People warned of staring at their phones while walking

Councillor says careless smartphone-users creating serious safety risks for others

The Transportation Strategic Policy Committee  will hear  that smartphone-users are at a higher  risk of stepping into traffic or walking into stationary objects. Photograph: Getty Images

The Transportation Strategic Policy Committee will hear that smartphone-users are at a higher risk of stepping into traffic or walking into stationary objects. Photograph: Getty Images

 

Smartphone-users walking around sending texts, reading emails and using social media while looking at their devices are creating serious health and safety risks for other people, a Dublin councillor has warned.

The Transportation Strategic Policy Committee (SPC) will hear on Thursday that smartphone-users are at increasing risk of stepping into traffic, being hit by bicycles, or walking into stationary objects due to the “ever-growing practice” of people staring at their phone screens while walking.

In a motion submitted in February, Cllr Frank Kennedy called for an assessment of the ways in which the council could encourage people not to use their smartphones while walking, and to build awareness around the serious consequences this behaviour could cause.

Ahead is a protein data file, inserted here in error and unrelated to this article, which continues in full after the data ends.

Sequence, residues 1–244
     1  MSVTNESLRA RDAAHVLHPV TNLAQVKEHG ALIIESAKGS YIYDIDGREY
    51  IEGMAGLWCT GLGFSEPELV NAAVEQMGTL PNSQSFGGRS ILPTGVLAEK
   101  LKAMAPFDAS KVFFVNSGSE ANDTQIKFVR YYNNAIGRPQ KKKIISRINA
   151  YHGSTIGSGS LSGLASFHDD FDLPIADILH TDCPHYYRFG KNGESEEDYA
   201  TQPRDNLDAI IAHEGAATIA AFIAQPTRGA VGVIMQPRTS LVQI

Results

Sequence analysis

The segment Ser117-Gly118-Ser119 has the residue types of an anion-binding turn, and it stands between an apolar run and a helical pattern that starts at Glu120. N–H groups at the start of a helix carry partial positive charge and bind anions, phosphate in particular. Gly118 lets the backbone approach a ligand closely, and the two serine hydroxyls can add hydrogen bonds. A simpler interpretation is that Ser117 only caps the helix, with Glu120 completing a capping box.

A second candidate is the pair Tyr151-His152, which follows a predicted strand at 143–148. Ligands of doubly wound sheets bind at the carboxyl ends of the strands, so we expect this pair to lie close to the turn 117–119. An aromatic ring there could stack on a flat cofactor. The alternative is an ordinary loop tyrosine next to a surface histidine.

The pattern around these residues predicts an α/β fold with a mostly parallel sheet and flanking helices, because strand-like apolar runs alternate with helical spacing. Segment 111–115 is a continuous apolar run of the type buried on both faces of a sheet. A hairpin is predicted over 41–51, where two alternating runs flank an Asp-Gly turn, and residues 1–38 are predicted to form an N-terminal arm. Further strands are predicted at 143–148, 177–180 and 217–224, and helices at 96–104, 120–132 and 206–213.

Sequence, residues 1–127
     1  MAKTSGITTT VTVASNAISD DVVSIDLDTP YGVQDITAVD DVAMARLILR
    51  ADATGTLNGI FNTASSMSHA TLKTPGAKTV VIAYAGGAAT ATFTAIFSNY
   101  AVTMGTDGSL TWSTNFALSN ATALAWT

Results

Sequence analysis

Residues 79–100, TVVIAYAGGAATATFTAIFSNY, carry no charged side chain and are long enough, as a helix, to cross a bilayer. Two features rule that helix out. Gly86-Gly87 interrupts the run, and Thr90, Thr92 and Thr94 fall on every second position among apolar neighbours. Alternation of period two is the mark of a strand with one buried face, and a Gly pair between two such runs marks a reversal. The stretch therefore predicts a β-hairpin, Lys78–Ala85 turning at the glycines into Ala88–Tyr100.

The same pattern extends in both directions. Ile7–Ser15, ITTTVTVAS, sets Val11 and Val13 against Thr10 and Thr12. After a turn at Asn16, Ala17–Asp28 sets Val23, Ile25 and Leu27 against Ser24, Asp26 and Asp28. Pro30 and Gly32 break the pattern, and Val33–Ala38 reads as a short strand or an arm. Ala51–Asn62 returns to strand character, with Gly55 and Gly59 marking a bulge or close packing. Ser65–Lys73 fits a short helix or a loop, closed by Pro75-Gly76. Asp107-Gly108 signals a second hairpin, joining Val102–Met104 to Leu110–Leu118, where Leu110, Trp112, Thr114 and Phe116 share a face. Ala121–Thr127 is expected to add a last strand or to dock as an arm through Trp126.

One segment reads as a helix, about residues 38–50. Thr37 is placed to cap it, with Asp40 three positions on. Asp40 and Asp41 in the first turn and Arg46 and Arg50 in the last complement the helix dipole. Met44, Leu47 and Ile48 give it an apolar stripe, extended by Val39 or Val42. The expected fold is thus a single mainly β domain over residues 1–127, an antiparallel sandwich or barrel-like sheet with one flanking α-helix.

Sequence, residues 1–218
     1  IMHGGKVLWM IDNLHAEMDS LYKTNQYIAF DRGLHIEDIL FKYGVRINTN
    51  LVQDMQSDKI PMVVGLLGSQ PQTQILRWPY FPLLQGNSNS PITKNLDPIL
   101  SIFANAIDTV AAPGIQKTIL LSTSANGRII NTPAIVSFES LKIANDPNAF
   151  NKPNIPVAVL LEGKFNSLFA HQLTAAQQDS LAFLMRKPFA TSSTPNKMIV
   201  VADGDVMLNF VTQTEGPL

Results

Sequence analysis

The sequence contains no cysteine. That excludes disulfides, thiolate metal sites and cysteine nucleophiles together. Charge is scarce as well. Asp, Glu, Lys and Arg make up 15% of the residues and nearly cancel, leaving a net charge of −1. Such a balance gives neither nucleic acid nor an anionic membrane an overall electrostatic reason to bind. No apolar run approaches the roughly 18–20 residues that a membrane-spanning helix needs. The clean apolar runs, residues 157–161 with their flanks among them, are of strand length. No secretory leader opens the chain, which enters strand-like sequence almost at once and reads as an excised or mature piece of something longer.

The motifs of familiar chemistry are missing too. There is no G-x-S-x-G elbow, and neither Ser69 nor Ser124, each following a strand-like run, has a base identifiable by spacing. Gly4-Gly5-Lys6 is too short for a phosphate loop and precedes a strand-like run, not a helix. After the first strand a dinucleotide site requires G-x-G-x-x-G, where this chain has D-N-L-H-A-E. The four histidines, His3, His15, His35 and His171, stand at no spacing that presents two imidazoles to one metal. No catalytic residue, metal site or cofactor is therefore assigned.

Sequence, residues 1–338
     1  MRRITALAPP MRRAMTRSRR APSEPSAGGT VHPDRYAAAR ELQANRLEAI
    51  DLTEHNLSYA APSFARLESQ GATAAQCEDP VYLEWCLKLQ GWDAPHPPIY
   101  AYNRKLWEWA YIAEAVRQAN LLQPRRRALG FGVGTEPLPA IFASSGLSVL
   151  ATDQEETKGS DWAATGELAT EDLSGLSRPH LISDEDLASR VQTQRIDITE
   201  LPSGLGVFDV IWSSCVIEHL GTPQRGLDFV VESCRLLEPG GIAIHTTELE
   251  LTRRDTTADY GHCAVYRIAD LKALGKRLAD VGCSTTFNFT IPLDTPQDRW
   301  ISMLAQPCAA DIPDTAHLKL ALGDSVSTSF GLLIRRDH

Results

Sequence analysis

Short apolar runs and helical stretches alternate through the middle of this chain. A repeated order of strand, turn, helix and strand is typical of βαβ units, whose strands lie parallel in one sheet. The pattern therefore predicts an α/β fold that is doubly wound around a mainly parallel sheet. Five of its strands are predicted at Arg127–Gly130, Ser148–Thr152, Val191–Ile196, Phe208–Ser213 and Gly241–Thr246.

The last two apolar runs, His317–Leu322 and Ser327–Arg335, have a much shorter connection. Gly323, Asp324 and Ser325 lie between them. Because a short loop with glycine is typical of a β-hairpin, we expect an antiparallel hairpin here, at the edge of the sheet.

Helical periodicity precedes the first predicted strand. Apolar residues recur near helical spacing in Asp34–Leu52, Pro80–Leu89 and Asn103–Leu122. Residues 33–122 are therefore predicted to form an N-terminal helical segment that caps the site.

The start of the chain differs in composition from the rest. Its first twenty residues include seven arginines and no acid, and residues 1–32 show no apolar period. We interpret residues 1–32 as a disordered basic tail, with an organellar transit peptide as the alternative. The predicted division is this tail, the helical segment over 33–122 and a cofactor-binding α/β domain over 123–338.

He also called for the introduction of safety measures to prevent injuries and collisions caused by inattentive phone-users.

Kevin Meade, a council official, noted in March that the motion should be referred on to the Road Safety Authority (RSA), with a request that the issues raised be highlighted in a nationwide safety campaign.

“The Environment and Transportation Department has written to the RSA in this regard, and their response will be circulated to the Transportation SPC on receipt,” he said.

RSA spokesman Brian Farrell said the authority had not yet been contacted by the council, but would respond with up-to-date information on careless smartphone-users colliding with objects, people and vehicles.

“We are currently preparing a pre-crash report that will look at the factors leading to cyclist and pedestrian deaths, and expect that report to be published in late September/early October,” said Mr Farrell.

Investigation files

“The access we get for these forensic investigation files is very detailed, and we will look towards these reports for evidence. We’ll be looking for the data to show if there actually is a problem.

“If the report tells us there’s a significant problem we’ll certainly be addressing that issue with a new major campaign.”

Mr Farrell said the last national campaign to address the careless behaviour of pedestrians walking on to the road without paying attention to traffic was nearly a decade ago. The two-part TV campaign featured a short video of young man listening to music through earphones as he crossed the road without paying attention to traffic. The second part of the campaign focused on careless drivers.

A report on Mr Kennedy’s motion will be heard at Thursday’s SPC meeting.